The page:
Paul Tracy hasn’t ever been one to pull his punches.
The “Thrill from West Hill” was once famously interested in two dust-u.s.with fellow drivers Alex Tagliani and Sebastien Bourdais, going as far as to criticize them for leaving on their helmets all through the confrontations.
While kind of 12 years have handed, the 49-year-old from Toronto— who racked up 31 wins in IndyAutomotive all through his profession — has no regrets about how he treated the incidents. In reality, he believes the sequence’ present drivers are too “vanilla” and “corporate,” unwilling to lend a hand fire up the rivalries important to market the sport.
“I was OK with being the guy that wore the black hat in this series for a long time,” Tracy mentioned in a telephone interview previous this week.
“That’s kind of what the series is lacking, I think, in terms of trying to promote the series — everyone wants to be the good guy and no wants to be the bad guy.”
Tracy, who can be offering remark for NBC’s protection of this weekend’s Toronto Indy, mentioned a few clashes involving driving force Alexander Rossi, together with one with Canadian Robert Wickens, have not been correctly tapped for his or her leisure price.
“[Rossi has] made some aggressive moves, he’s pushed and shoved some guys around, but he doesn’t want to wear the black hat,” mentioned Tracy.
“He wants to be a good guy, but on the race track he’s pretty tough.”
Take the Don Cherry manner
Wickens was once main after 69 laps all through his IndyAutomotive debut on the Grand Prix of St. Petersburg in March till Rossi’s strive overtake him despatched him spinning. The 29-year-old from Guelph, Ont, later downplayed the incident, pronouncing he will have to have foreseen the manoeuvre.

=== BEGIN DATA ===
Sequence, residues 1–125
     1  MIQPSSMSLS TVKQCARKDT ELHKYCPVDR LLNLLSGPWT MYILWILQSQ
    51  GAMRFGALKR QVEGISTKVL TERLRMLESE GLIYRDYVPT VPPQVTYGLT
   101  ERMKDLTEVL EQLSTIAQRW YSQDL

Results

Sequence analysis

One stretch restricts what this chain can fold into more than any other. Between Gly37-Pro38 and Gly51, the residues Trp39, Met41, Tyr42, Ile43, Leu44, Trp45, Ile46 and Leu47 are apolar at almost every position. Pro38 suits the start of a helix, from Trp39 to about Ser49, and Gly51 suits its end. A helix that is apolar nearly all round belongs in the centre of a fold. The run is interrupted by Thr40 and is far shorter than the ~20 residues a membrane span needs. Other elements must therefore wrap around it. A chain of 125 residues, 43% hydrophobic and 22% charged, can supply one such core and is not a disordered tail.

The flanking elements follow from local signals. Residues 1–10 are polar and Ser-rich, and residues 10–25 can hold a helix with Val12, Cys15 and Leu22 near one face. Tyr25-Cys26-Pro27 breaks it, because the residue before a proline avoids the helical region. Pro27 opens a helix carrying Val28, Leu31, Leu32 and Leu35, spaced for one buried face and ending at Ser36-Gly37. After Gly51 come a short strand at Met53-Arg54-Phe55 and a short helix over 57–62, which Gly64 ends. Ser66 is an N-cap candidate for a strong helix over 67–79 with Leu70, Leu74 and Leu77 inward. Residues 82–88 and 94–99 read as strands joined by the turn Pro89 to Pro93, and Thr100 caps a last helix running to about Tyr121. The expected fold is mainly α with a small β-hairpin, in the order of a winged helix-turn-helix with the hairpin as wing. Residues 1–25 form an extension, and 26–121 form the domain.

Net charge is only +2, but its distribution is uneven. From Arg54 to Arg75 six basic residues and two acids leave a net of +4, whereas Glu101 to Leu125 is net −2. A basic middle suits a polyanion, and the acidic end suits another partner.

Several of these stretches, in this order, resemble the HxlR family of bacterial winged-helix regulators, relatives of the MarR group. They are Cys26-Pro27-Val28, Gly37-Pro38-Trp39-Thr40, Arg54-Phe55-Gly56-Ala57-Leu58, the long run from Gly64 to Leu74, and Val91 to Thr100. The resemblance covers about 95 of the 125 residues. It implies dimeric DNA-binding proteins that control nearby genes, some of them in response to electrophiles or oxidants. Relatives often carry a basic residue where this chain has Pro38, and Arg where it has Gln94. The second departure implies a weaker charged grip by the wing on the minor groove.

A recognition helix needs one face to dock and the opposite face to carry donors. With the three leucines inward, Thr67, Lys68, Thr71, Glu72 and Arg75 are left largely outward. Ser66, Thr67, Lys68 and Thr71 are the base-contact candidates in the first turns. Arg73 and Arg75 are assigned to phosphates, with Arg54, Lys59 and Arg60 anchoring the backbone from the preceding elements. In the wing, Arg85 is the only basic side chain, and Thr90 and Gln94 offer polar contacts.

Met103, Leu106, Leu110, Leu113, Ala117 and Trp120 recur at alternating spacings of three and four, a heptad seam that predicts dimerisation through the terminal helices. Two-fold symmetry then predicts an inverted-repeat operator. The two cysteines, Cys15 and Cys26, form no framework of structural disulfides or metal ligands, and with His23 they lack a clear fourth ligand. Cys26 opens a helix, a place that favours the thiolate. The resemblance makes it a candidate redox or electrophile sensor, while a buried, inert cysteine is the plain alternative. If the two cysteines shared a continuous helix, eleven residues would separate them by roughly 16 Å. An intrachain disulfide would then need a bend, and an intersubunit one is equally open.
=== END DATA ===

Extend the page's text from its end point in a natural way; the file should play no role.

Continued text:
A 2d run-in with Rossi at Road America final month triggered a extra harsh reaction, with Wickens calling him “ruthless.” In Lap 1, the American driving force and Wickens crashed wheels, with the latter being despatched into the grass.
But Wickens maintained the 2, who’re buddies off the monitor, do not need to hate every different sufficient to have a contention.
“We’ve had on-track incidents. We’ve spoken our minds in the press, but we kind of get on with life and move on,” he mentioned Wednesday.
Tracy mentioned he spoke to Wickens final week and recommended that the IndyAutomotive rookie undertake a extra Don-Cherry-esque, or vigilante manner, to injustices at the monitor.
“I said, ‘Listen, if you’re tired of getting pushed around, you’ve got to push back,”‘ he mentioned.
“Doesn’t matter what sport you’re in — whether you’re playing football, basketball or hockey — if a guy is going to shove you around and you let them, they’re always going to shove you around.”
‘More than simply racing across the monitor’
Wickens admitted present drivers are compelled to be a “little more vanilla,” however mentioned Tracy was once lively when North American motorsports had upper budgets and he was once given extra rope to specific his fiery persona.
“If one sponsor doesn’t like what you do and they pull out, you don’t have a ride anymore,” mentioned Wickens.
“Back then he had all the tobacco money and they had like unlimited budgets, you could be different, you could be the person you want to be. And I’m not saying I’m not the person I want to be — I’m still being who I want to be — I’ve never fought anyone in my entire life. I think I’ve sparred a couple times at the gym with the helmets and stuff on, but I think that’s as far as I’ve ever gone,” he added with fun.
But Tracy insists a driving force’s efficiency by myself is not sufficient to generate enthusiasts.
“This is more than just racing around the track. A lot of these guys need to realize some of this is entertainment and you’ve got to play up on that to create interest,” he mentioned, mentioning the past due Dale Earnhardt Sr. and F1 legend Michael Schumacher as drivers who have been recognized for his or her sturdy personalities.
“And I think a lot of these guys just don’t want to do that.”